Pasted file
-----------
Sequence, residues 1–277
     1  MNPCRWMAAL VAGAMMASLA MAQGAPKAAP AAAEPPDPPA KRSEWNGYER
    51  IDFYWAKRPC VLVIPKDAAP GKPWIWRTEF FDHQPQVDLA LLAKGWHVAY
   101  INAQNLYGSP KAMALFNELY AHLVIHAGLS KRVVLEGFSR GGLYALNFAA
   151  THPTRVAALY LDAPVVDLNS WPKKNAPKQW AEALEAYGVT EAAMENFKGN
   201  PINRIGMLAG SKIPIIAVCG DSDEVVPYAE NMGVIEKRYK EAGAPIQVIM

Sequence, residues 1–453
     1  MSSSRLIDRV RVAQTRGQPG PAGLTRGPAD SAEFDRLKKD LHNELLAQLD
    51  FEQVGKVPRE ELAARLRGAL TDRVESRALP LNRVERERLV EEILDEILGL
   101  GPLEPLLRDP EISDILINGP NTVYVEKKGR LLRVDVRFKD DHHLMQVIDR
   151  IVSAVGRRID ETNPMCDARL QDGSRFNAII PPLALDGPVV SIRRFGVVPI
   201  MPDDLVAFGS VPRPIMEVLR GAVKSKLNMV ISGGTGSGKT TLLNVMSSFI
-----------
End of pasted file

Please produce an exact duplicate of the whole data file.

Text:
Sequence, residues 1–277
     1  MNPCRWMAAL VAGAMMASLA MAQGAPKAAP AAAEPPDPPA KRSEWNGYER
    51  IDFYWAKRPC VLVIPKDAAP GKPWIWRTEF FDHQPQVDLA LLAKGWHVAY
   101  INAQNLYGSP KAMALFNELY AHLVIHAGLS KRVVLEGFSR GGLYALNFAA
   151  THPTRVAALY LDAPVVDLNS WPKKNAPKQW AEALEAYGVT EAAMENFKGN
   201  PINRIGMLAG SKIPIIAVCG DSDEVVPYAE NMGVIEKRYK EAGAPIQVIM

Sequence, residues 1–453
     1  MSSSRLIDRV RVAQTRGQPG PAGLTRGPAD SAEFDRLKKD LHNELLAQLD
    51  FEQVGKVPRE ELAARLRGAL TDRVESRALP LNRVERERLV EEILDEILGL
   101  GPLEPLLRDP EISDILINGP NTVYVEKKGR LLRVDVRFKD DHHLMQVIDR
   151  IVSAVGRRID ETNPMCDARL QDGSRFNAII PPLALDGPVV SIRRFGVVPI
   201  MPDDLVAFGS VPRPIMEVLR GAVKSKLNMV ISGGTGSGKT TLLNVMSSFI